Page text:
Personality disorder is a diagnosis that may be given to someone who experiences extreme distress, resulting in significant disruption to their life and relationships. In making this diagnosis, doctors will ask about changes that are unusual for you and look for possible symptoms. These can include:

  • difficulties with relationships
  • thoughts or actions of self-harm
  • feelings of extreme fear of abandonment
  • feelings of extreme vulnerability

Common personality disorders

Borderline personality disorder (BPD): feeling strong emotions and moods. You may experience difficulty coping with these emotions or feelings, and may experience a very negative sense of self.
Paranoid personality disorder: feeling suspicious of other people. You may feel worried that other people are lying to you or want to hurt you. If you feel this way, you may find it difficult to trust or forgive people.
Antisocial personality disorder: feelings of impulsiveness. You may experience extreme feelings of frustration and act in ways that other people might view as inappropriate or anti-social. 
Avoidant personality disorder: feeling fearful of being criticised or judged. You may feel extremely uncomfortable in certain social settings and avoid relationships.

As a result of the above extreme feelings or emotions, people may be at risk of using drugs and/or alcohol as a way of coping or may have self-harming thoughts or actions.

These types of experiences can have a significant impact on daily life, including relationships, work, physical health and sense of self.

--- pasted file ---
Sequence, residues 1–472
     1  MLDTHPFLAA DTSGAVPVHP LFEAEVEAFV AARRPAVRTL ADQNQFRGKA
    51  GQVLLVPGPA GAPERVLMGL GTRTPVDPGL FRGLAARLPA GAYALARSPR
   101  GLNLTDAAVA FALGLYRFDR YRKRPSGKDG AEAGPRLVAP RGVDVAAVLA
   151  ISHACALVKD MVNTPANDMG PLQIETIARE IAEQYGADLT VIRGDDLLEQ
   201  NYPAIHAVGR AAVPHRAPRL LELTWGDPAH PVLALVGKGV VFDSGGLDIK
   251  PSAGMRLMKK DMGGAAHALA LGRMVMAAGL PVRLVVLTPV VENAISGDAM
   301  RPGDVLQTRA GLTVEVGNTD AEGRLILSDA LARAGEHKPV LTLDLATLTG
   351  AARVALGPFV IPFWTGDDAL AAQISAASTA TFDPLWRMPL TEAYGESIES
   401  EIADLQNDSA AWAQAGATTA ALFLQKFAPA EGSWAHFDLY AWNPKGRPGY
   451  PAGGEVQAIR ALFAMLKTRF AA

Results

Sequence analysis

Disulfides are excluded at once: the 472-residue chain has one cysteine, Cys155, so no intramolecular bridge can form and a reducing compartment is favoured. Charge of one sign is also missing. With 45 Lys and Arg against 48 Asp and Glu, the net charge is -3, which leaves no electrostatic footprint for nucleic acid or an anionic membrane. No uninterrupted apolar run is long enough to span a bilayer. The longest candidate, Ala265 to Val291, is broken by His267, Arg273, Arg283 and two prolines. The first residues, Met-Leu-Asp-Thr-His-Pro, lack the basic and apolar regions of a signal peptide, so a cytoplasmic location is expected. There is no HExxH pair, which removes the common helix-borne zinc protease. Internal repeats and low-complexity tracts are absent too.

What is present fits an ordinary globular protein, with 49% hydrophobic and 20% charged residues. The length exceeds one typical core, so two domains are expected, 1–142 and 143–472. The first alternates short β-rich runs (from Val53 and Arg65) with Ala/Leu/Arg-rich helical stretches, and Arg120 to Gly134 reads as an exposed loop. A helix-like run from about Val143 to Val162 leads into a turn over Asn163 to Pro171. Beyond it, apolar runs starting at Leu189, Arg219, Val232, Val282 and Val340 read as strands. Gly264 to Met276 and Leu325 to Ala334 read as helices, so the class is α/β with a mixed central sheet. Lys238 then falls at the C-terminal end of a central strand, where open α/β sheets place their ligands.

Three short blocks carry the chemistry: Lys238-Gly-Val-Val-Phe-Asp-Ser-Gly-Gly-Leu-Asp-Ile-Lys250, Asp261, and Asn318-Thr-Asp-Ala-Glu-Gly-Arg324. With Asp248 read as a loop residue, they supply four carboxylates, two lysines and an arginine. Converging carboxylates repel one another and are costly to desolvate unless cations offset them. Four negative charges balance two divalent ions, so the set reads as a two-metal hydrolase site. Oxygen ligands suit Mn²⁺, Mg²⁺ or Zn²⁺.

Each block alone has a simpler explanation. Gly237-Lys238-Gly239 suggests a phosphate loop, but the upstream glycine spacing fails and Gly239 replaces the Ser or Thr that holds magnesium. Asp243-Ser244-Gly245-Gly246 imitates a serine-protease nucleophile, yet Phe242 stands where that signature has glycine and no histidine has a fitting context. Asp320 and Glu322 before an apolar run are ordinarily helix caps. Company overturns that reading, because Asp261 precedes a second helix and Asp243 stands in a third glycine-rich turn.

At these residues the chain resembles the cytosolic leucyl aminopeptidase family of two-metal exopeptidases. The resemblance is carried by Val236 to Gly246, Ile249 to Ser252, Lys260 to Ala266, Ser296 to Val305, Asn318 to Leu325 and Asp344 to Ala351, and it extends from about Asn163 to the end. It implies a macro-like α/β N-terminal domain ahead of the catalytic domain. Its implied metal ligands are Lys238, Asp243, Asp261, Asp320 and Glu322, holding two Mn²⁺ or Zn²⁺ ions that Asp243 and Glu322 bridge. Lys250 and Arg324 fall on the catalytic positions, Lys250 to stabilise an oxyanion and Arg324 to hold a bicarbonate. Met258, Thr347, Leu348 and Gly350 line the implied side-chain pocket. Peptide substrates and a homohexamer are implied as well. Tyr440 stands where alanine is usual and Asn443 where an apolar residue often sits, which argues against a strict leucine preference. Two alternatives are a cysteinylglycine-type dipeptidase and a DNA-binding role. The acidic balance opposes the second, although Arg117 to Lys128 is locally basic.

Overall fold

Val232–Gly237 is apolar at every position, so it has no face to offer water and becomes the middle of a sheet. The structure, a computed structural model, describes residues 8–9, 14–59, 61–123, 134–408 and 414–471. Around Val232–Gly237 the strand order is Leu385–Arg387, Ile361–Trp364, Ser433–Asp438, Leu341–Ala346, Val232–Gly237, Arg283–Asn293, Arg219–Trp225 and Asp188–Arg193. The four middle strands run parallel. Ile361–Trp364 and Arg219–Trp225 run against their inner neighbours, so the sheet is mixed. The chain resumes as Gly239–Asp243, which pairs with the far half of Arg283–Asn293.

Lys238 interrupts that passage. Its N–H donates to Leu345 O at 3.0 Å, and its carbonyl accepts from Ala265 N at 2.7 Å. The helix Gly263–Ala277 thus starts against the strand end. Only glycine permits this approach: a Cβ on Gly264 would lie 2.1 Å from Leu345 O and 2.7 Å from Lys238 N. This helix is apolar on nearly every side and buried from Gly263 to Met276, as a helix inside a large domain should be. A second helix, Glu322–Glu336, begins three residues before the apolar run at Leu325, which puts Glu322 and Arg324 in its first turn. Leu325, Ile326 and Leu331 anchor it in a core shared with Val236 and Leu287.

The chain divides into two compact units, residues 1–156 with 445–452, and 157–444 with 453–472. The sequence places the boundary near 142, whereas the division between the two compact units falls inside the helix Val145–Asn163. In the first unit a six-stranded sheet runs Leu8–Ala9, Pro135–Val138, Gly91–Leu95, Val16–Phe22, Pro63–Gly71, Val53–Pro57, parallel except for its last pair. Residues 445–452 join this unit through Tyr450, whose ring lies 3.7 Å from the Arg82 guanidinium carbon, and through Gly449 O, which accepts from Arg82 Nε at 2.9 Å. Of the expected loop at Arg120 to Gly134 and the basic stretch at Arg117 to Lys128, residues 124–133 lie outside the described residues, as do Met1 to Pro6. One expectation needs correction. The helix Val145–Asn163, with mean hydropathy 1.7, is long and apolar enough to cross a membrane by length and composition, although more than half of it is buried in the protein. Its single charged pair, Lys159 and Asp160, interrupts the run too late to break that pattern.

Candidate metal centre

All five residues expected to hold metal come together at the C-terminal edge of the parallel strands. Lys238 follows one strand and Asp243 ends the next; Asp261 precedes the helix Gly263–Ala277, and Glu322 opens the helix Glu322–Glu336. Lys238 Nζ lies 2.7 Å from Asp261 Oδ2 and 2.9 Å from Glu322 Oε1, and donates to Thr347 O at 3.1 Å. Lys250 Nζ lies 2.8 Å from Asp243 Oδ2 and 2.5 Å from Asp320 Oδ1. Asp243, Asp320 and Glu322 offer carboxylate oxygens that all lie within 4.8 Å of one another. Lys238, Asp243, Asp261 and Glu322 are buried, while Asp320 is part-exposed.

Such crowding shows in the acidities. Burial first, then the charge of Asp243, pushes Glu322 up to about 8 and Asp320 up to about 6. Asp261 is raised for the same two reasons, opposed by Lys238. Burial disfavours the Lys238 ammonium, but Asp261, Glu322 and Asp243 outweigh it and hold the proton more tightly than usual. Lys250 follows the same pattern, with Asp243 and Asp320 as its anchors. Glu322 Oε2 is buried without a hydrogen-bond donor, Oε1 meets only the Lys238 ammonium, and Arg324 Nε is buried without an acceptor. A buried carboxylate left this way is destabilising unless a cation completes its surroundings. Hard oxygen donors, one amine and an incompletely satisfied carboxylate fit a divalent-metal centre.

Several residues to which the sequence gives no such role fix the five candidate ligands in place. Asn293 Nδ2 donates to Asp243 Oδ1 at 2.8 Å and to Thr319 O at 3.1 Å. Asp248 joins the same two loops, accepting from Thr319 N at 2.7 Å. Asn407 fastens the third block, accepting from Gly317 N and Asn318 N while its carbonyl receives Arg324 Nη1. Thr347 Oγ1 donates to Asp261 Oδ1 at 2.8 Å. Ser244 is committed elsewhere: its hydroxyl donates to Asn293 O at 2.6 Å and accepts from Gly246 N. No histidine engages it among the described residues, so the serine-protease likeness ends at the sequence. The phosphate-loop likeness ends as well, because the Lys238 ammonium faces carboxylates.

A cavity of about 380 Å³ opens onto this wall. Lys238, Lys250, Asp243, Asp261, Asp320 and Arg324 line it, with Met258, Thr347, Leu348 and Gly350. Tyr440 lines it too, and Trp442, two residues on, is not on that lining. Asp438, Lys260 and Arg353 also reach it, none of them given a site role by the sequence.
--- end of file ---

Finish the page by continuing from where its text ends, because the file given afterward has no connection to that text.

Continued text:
Treatment and support will be different for each person. Mental health professionals should help you find treatments and supports that work best for you. This may be a combination of medication, rehabilitation and professional, family, community and peer support.

A number of therapies are available that aim to help people understand thoughts, motivations and feelings. This includes Dialectical Behaviour Therapy (DBT) and psychotherapy. These therapies aim to help people manage their symptoms, develop satisfying relationships and make positive behaviour changes.

A diagnosis will mean different things to different people. It is only one way of understanding your experiences and what might support your recovery. It can help to do your own research and talk to a range of professionals, trusted family and friends, or to people who have had similar experiences.

Regardless of diagnosis, people do recover and live well.

If you need to talk, call our Helpline

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For more information, please contact Wellways on 1300 111 400.